The U.S. Constitution is a venerable, concise document that has been amended 27 times in over 200 years, generally for very good reasons. The Oregon Constitution is an ugly, lengthy, wide-ranging and ridiculous document that has been amended more times than I can count and shamelessly used to hamstring the legislature, enshrine poor policy, and indict differences of opinion. It's time to throw that baby out.
There is, and ought to be, a difference between a statutory law and a constitutional law. The Constitution should have more weight, inspire more respect, and be less susceptible to the waffling winds of public whimsy. But in Oregon, we've allowed (and occasionally actively conspired) to demean our state Constitution by filling it with pop culture crap.
It's too easy to put anything you want in there. Land use and taxes and home care commissions and the experience required of state printers and seismic retrofitting are all very important subjects that ought to be in law. But they needn't be in the Constitution. Law would allow us to adjust our responses to these subjects with changing times and circumstances, but putting them in the Constitution implies that the response thus consecrated is the be-all end-all. The constitution should be reserved for topics involving the protection of rights, the structure of government, and high ideals that we expect (or aspire) to be inalienable and timeless.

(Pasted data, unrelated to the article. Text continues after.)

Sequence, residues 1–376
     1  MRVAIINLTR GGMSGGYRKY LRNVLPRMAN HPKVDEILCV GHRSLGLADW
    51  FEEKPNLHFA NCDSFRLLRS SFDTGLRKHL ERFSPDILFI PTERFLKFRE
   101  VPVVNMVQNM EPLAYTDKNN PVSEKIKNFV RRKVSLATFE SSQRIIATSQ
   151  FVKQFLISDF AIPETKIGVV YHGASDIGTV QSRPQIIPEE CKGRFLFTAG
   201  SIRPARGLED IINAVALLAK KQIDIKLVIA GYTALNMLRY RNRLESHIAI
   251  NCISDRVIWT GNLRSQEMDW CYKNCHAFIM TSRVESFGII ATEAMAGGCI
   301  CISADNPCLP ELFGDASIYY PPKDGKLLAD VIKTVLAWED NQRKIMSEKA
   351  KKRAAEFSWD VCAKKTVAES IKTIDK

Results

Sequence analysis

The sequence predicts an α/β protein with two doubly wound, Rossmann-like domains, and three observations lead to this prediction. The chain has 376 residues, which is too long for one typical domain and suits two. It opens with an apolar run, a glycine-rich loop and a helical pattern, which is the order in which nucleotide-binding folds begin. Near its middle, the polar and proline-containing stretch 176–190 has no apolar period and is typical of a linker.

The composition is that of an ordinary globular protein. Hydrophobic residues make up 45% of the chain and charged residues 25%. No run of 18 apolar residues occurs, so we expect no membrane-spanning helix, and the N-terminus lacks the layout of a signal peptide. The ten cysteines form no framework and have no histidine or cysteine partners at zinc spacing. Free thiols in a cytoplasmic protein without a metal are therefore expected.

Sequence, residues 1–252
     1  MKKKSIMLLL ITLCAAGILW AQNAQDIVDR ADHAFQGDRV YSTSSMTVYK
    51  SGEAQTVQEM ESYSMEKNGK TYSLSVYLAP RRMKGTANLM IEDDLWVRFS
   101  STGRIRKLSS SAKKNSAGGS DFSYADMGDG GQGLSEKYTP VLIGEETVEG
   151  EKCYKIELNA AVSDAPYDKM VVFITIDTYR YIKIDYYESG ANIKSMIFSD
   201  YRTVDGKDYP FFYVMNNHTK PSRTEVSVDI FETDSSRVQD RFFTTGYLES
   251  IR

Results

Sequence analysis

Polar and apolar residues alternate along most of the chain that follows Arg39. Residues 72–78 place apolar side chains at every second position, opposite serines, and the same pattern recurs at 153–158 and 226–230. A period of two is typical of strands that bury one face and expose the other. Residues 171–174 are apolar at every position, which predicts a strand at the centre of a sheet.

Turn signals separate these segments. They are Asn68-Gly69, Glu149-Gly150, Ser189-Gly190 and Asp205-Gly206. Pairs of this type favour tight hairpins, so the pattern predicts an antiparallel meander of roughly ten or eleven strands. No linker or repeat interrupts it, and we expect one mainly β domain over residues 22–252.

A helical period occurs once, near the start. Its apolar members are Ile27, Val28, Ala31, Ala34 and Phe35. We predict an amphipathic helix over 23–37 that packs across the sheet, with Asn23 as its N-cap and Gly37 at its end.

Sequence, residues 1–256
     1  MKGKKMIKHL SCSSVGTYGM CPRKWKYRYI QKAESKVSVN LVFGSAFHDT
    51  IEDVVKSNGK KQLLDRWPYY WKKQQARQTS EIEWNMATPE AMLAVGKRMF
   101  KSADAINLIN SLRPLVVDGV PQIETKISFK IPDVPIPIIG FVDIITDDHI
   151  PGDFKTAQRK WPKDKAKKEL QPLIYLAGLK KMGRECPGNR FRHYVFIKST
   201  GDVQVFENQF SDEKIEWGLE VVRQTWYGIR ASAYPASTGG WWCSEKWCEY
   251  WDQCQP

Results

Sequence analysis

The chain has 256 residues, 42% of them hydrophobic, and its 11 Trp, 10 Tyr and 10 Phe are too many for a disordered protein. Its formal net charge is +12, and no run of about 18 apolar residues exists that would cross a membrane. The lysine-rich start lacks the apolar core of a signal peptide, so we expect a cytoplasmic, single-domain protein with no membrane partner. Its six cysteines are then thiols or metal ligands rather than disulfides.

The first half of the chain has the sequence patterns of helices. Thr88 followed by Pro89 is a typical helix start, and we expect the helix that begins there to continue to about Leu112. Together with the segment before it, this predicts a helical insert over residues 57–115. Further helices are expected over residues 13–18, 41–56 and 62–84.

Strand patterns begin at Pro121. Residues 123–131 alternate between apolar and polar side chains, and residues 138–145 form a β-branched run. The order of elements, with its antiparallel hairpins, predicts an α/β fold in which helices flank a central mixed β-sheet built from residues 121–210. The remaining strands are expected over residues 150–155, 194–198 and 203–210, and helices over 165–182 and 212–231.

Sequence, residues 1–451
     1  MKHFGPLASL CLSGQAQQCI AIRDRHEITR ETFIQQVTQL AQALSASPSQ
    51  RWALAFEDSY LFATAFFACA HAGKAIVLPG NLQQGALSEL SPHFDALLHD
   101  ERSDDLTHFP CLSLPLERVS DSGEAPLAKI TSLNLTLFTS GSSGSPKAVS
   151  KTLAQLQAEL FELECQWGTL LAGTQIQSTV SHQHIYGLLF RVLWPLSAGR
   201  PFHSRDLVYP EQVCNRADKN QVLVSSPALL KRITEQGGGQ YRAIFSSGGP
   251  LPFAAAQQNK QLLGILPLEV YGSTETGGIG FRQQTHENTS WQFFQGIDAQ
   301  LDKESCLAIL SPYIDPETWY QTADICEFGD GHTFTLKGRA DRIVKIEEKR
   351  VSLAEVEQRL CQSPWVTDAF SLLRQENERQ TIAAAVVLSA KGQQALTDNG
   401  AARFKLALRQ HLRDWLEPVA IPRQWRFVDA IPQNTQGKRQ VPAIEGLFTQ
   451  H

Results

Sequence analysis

So what do we do? Fixing the thing piecemeal would take too long and just be downright inefficient. There's only one answer. The mother of all ballot measures: Throw out the Oregon Constitution and start over from scratch.
Constitutional convention. That's right. Let's see if Oregonians have the ability to elevate the discussion to one worthy of a well-written constitution. Sure it's scary. Whenever I bring this up in conversation, people tell me that we'd end up with a worse (read: detailed, right-wing, and full of even more crap) constitution that what we've got now (I find that hard to believe). Alaska requires their citizens to decide whether to have a constitutional convention every ten years, surely Oregonians are capable of addressing this once in 147 years. Bring on the bigots and let them parade their prejudices. Then let's have a real, meaningful and deliberate discussion about what's important in government and in life, and let's put those words to paper.